On 20 September, Erin Sigmon, Advocacy Assistant at ADHRB, delivered an oral intervention under item 3 at the 33rd session of the United Nations Human Rights Council in Geneva on discrimination against the Bedoon population in Kuwait. Please continue reading for full remarks or click here to download a PDF.

Before I begin my intervention, on behalf of Americans for Democracy & Human Rights in Bahrain and our coalition of NGOs, we would like to express our deep condolences to the family of the Kuwaiti Bedoon human rights activist Nasser al-Ras, who died earlier today. Al-Ras suffered severe torture by the Bahraini government for standing up for universal human rights, and his commitment to the cause of freedom and dignity will not be forgotten.

Madam Rapporteur,

IDO, together with Americans for Democracy & Human Rights in Bahrain, would like to raise our concerns regarding systematic policies of discrimination against the indigenous stateless peoples, known as “Bedoon” in Gulf Cooperation Council.

There are approximately 112,000 Bedoon residents in Kuwait, who do not hold Kuwaiti citizenship. The Bedoon are thus considered illegal residents in their country, despite many having lived in Kuwait since long before the Kuwaiti state was founded. Kuwaiti law does not outline any clear path to citizenship for Bedoon populations.

Because Bedoon lack official citizenship documentation and are considered illegal residents, they face social, political, and economic barriers. Bedoon populations face obstacles in obtaining public services, such as state medical care and attending state-funded schools. Bedoon are often forced to work for lower wages than those who enjoy citizenship. And, because they are considered illegal, Bedoon cannot participate in any political processes, thus denying them representation in Kuwaiti government.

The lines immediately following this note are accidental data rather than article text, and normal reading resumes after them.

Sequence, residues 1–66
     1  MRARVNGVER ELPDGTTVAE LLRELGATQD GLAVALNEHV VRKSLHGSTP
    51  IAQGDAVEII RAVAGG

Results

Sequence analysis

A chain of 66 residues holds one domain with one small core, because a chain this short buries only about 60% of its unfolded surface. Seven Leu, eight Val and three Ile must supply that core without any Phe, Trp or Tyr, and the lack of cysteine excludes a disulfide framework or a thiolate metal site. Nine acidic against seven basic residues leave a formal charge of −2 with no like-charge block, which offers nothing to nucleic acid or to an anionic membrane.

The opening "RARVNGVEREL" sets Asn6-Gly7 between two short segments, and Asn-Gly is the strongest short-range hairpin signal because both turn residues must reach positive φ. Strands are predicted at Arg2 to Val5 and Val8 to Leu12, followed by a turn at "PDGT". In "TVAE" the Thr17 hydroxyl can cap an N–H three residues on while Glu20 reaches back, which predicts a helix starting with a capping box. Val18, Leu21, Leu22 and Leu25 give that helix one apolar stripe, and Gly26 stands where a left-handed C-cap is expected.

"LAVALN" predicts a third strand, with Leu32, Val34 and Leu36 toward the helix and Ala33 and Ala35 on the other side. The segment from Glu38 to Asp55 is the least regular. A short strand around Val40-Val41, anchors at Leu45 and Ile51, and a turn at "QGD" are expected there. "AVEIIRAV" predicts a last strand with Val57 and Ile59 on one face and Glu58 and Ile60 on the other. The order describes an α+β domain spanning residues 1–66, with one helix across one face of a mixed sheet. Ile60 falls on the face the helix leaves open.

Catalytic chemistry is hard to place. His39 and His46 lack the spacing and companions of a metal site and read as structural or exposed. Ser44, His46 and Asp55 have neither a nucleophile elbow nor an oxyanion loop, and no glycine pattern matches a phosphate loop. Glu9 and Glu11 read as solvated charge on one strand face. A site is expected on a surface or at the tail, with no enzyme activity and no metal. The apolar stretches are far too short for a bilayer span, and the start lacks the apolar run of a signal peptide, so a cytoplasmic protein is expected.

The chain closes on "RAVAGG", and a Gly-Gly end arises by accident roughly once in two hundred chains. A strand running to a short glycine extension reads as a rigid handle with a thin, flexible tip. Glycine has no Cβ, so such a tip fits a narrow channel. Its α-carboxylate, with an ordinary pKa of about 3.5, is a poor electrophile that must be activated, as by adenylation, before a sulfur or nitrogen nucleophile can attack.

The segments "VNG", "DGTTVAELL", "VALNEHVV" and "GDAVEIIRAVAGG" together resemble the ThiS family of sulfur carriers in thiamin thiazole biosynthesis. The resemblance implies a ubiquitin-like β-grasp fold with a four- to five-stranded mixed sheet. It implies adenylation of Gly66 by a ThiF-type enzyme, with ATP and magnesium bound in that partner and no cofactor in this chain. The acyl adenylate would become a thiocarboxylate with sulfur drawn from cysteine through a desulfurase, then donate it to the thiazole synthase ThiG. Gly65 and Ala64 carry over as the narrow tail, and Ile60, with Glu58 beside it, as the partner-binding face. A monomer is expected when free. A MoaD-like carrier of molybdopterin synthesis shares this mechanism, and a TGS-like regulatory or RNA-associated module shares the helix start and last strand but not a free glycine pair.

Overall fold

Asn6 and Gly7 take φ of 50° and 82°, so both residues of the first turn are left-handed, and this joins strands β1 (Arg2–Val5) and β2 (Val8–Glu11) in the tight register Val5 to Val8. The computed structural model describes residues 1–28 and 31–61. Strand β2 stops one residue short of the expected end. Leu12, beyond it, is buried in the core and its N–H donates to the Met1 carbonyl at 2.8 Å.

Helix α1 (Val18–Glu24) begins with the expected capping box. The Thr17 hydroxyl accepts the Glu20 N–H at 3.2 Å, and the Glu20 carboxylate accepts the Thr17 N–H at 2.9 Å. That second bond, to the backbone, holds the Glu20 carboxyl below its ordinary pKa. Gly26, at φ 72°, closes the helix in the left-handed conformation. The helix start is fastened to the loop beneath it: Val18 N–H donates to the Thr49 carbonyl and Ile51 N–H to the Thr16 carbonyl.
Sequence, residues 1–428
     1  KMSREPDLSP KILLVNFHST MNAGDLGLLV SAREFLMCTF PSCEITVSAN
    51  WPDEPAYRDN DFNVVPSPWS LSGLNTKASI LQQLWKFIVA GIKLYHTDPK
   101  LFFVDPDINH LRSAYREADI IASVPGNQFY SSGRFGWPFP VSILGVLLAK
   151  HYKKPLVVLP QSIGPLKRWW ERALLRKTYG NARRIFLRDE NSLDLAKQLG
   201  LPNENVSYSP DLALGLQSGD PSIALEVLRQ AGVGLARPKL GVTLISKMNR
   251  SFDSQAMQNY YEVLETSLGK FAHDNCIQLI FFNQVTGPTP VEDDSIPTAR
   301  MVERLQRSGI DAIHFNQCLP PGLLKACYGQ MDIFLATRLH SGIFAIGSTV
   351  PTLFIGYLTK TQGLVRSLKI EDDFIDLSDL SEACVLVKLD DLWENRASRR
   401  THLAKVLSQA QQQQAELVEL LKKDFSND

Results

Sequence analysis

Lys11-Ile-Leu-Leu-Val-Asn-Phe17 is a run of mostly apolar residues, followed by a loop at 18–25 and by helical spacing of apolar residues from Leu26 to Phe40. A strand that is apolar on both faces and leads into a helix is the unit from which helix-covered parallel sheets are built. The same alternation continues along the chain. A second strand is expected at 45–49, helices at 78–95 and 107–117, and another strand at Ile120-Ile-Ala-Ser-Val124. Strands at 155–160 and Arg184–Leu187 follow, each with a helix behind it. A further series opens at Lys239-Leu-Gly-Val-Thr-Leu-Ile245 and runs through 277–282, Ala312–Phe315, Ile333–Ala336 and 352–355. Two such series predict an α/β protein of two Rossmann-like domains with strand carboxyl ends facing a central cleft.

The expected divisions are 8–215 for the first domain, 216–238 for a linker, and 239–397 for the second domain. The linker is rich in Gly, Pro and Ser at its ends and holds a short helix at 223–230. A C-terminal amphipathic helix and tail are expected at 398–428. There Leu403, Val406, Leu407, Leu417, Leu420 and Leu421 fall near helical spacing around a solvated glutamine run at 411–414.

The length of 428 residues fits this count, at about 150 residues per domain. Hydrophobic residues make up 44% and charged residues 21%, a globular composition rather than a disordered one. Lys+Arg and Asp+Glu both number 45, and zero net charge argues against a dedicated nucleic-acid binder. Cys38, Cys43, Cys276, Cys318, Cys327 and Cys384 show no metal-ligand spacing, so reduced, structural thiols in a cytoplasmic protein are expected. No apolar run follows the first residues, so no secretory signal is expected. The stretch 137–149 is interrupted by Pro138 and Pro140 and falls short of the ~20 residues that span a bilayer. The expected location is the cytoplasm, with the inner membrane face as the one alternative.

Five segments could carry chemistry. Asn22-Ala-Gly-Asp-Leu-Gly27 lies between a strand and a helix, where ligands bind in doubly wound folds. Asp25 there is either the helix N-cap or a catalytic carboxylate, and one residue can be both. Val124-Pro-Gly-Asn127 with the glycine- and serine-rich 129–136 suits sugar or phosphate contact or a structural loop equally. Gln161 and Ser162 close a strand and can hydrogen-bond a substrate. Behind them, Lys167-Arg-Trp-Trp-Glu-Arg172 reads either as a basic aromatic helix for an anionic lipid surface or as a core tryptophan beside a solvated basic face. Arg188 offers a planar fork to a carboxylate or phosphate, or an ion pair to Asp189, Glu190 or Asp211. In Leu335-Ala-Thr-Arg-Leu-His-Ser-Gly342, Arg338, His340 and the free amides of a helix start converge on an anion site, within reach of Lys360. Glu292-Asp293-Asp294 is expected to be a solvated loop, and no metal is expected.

The Kuwaiti government has further prevented Bedoon from efforts to advocate for their right to citizenship. Bedoon are not allowed judicial recourse to argue their cases for citizenship. Kuwaiti law makes it illegal for Bedoon to protest, and efforts to do so have at times been met with a violent response from security forces. The Kuwaiti government has also subjected a number of protestors to arbitrary detention.

Madam Rapporteur, the deprivation of citizenship for indigenous Bedoon populations does not meet international human rights standards and is in contravention to a number of treaties to which Kuwait has acceded. What measures can the State of Kuwait take in order to support and protect the rights of the indigenous Bedoon people?

Thank You.